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Warner Music Loses Ruling In Supreme Court Copyright Case

Updated: May 19

As reported by CNBC, in a recent legal battle between a Miami-based music producer and Warner Music, the U.S. Supreme Court ruled in favor of the former in a 6-3 decision. The case revolved around a dispute over the time limit for monetary damages claims in copyright cases.

The plaintiff, Sherman Nealy, sued Warner subsidiary and others in 2018 over the rights to the electronic dance song "Jam the Box" by Tony Butler, also known as Pretty Tony.

Credit: Rapper Flo Rida. Chris Trotman/Getty

Nealy claimed that his label, Music Specialist, owned the rights to the song which music artist Flo Rida, also known as Tramar Dillard, incorporated into his 2008 hit "In the Ayer."

Nealy argued that Warner Chappell and others took an invalid license to "Jam the Box" from Butler, who was his former business partner, while he was imprisoned for cocaine distribution. The producer requested damages for alleged copyright infringement dating back to 2008.

While a federal judge ruled that Nealy could recover damages for infringement that happened only during the three years before he filed the lawsuit, the 11th U.S. Circuit Court of Appeals reversed the decision and said there was "no bar to damages in a timely action." The Supreme Court upheld this ruling on May 9th.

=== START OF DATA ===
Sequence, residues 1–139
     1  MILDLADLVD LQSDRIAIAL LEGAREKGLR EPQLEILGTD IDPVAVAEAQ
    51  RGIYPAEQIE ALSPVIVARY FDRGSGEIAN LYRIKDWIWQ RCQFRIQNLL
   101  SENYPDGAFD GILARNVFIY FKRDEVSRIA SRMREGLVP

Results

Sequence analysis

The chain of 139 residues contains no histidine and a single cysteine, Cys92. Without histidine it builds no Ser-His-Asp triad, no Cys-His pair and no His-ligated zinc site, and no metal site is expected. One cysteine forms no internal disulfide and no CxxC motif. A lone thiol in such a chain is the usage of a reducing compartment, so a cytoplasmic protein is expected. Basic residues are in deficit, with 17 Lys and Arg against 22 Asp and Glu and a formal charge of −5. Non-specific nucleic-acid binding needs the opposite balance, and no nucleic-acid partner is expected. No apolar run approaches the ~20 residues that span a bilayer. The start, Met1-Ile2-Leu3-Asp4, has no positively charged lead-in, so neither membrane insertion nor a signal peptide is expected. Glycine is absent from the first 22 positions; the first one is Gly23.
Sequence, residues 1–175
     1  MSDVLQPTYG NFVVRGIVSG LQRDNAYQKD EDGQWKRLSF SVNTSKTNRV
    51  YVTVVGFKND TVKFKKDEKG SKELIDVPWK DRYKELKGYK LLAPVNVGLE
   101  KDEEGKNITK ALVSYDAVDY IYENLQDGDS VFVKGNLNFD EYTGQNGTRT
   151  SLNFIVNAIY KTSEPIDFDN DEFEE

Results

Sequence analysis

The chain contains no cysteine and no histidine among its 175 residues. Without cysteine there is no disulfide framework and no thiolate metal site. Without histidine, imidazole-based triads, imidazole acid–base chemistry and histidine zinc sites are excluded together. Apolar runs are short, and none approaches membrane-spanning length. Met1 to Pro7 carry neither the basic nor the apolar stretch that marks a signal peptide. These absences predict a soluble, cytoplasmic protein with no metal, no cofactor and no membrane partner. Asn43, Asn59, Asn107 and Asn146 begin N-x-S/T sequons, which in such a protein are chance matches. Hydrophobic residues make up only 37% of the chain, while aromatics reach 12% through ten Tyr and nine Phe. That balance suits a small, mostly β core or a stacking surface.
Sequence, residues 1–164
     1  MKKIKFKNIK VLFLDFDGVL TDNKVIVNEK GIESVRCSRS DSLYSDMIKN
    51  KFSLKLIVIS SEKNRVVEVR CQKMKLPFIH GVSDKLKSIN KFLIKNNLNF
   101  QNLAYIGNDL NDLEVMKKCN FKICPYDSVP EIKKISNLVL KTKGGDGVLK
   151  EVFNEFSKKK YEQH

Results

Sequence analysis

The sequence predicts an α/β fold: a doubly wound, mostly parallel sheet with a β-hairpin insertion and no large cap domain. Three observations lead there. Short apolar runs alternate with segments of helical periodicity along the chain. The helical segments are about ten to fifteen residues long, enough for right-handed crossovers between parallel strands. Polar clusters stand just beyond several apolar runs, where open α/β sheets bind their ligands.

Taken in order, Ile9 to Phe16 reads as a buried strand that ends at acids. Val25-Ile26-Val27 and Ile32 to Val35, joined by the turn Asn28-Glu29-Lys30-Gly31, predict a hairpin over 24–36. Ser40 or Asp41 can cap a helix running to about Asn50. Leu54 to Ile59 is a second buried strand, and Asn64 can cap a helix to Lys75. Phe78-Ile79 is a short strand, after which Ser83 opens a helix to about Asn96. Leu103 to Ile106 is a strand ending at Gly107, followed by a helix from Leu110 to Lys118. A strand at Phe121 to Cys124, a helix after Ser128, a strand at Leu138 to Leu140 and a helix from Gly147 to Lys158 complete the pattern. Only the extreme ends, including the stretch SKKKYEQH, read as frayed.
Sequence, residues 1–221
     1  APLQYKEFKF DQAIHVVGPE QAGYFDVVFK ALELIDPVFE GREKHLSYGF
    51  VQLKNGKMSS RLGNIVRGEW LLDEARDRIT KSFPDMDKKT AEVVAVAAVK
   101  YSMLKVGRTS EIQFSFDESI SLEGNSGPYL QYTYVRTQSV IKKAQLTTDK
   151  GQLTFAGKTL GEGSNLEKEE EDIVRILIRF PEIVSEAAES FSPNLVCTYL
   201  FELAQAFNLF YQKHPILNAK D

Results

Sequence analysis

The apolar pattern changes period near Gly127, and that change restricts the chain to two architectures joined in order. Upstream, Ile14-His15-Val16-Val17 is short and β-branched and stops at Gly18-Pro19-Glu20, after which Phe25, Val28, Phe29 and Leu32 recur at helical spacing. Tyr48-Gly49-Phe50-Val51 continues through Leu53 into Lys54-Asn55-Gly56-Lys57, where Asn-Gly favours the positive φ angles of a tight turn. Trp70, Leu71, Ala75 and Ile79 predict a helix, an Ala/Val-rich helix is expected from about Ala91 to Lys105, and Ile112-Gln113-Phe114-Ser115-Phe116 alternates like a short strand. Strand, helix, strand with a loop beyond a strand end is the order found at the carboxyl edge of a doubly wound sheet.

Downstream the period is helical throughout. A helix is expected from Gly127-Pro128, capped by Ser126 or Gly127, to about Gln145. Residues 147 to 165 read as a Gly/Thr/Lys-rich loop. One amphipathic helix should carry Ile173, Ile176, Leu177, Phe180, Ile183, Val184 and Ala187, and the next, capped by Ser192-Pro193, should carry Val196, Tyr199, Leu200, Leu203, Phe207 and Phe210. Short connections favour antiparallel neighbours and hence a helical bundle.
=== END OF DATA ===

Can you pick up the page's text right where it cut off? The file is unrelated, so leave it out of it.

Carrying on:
According to Justice Elena Kagan, who authored the majority opinion, "The Copyright Act entitles a copyright owner to recover damages for any timely claim." This refers to the 1976 federal law at the center of the case.

However, during the Supreme Court arguments in February, some of the justices expressed concern over deciding the case before reconsidering the issue of statute of limitations in a separate dispute before them. The justices are currently deliberating whether to take up the "discovery rule" in a copyright dispute between Hearst Newspapers and photographer Antonio Martinelli.

Justice Samuel Alito and Justice Clarence Thomas joined Justice Neil Gorsuch in a dissenting opinion on Thursday, echoing the same concern.

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